Are Low Iron Levels Sabotaging Your Thyroid Hormones?

Low iron thyroid

Iron Basics
Low iron is one of the most common things I see in women who walk through my door. It’s also one of the most common tests we run and we do this by looking at ferritin levels (a measure of iron stores in your body). The normal reference range for ferritin is anywhere from 10-291 ng/mL for women. Most often, if you’re not clinically anemic and your ferritin is within this range, you won’t be alerted to abnormal ferritin levels (even if they as low as 12, for example). However, recent studies show that women have improved energy and feel best with ferritin levels > 50, even if they’re not anemic.

Symptoms of Low Iron
Symptoms of low iron can include fatigue, low energy, hair loss, feeling cold, weak or brittle nails, palpitations or shortness of breath, brain fog and more. Many of these symptoms are also symptoms of low thyroid function or hypothyroidism. If you’ve been previously diagnosed with hypothyroidism and are still experiencing many of these symptoms, take the guess work out and have your ferritin levels checked.

Side note: If you experience heavy menstrual periods, are vegan/vegetarian, or have digestive disorders (such as celiac disease) that affect nutrient absorption, it’s also important to have your ferritin assessed on a regular basis.

The Iron-Thyroid Connection
Women are more likely to have low iron levels and we’re also more likely to have hypothyroidism or Hashimoto’s Disease (Lucky us!). We don’t usually think of iron as being essential to thyroid function, but it is!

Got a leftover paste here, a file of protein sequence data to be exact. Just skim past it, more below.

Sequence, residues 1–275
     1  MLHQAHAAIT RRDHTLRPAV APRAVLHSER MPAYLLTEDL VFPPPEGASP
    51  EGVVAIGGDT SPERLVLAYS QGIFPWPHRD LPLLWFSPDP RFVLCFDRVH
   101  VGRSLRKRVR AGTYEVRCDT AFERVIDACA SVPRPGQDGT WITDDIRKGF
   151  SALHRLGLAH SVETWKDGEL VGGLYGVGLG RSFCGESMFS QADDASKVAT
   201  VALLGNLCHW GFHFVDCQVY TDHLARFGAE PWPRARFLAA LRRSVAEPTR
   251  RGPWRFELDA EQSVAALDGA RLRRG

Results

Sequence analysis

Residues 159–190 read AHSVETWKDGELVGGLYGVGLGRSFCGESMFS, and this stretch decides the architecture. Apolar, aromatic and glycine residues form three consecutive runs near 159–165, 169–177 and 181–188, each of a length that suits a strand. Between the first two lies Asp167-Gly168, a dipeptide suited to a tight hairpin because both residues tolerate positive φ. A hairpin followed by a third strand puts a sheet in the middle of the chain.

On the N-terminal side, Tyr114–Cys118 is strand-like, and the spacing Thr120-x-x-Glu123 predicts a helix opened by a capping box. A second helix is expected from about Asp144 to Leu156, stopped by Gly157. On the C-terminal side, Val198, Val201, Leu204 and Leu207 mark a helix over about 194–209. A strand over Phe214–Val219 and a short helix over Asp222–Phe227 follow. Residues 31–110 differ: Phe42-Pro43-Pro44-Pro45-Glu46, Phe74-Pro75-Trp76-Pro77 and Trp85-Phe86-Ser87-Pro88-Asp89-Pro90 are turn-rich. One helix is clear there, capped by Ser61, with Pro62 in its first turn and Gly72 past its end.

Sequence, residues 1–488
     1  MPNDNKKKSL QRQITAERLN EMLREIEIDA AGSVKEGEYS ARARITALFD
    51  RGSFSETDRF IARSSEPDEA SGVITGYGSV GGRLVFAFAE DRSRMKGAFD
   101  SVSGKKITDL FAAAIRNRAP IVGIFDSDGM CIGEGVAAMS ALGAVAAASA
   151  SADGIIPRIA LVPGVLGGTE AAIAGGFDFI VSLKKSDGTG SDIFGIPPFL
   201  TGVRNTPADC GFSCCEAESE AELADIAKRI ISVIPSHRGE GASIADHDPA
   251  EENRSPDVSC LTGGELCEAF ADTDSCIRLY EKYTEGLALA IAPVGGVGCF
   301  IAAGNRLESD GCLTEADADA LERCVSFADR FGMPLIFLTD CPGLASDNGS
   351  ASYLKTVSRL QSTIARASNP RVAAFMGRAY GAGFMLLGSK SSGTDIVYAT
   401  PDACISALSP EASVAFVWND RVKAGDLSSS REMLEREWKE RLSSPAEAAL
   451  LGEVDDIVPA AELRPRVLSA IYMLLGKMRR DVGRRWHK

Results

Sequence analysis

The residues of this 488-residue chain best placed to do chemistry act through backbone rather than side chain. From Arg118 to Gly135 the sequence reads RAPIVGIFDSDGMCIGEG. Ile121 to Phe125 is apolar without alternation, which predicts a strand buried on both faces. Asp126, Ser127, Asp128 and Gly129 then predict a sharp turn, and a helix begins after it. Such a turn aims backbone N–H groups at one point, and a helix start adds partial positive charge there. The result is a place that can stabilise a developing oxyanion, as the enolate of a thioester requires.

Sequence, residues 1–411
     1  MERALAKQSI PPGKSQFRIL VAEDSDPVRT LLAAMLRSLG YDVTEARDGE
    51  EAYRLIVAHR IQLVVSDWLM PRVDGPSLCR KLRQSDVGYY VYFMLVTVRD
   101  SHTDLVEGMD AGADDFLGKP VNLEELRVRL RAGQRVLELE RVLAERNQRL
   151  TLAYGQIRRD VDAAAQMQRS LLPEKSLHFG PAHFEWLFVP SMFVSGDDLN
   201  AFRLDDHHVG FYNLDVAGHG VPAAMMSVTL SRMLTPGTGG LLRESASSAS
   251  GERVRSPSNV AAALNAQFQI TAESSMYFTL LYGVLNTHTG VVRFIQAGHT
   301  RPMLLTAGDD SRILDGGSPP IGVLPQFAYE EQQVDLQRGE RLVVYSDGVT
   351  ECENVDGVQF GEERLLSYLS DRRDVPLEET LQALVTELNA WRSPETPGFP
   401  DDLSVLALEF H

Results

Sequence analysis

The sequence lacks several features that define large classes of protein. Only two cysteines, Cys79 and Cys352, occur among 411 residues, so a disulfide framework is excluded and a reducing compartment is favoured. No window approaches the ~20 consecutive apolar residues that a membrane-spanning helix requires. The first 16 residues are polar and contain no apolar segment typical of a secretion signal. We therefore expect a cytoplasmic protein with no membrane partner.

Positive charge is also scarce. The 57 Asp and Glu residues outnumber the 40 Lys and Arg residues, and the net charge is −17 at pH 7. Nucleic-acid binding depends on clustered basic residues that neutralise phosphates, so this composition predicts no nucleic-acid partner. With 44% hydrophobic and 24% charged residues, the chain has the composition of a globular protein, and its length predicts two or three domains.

Our thyroid needs adequate iron levels to produce the active hormones T4 and T3. If our body is low in iron, the enzyme responsible for this can be reduced in activity up to 50%. Iron is also essential to another key enzyme, which converts T4 into T3. (T3 is our most active thyroid hormone). If you are already on medication for your thyroid (such as Synthroid) having adequate iron levels is still important for converting the medication into active, usable, thyroid hormone.

There’s more: a very common symptom of hypothyroidism is low stomach acid, which decreases our ability to break down foods and absorb nutrients. Thus, a very common symptom of hypothyroidism is (you guessed it) low iron levels!

Low iron –> hypothyroidism –> low iron –> vicious cycle

So What Should My Ferritin Be?
For optimal energy and thyroid function, ferritin levels should be at or above 80 ng/mL. Hair loss or thinning can occur at levels less than 40. Anything below 30 is what I call “scraping the bottom of the iron bucket”. If your ferritin is really low, your thyroid won’t be functioning properly no matter what other medications or supplements you are taking. Most women I test ferritin levels on are somewhere between 20-50, and many are in need of some sort of iron support or supplementation. If you’ve been on iron in the past and have experienced digestive upset, constipation, or nausea, there are better supplements out there that don’t have these unwanted side effects and are more effective in bringing up iron levels.

That said, we also don’t want too much iron, as this can be harmful to the body. So supplement wisely and make sure to re-test your levels on a regular basis.

The Recap: 

  • Many symptoms of iron deficiency and hypothyroidism overlap. What you thought were low thyroid symptoms (such as fatigue and hair loss) could in fact, be due to low iron!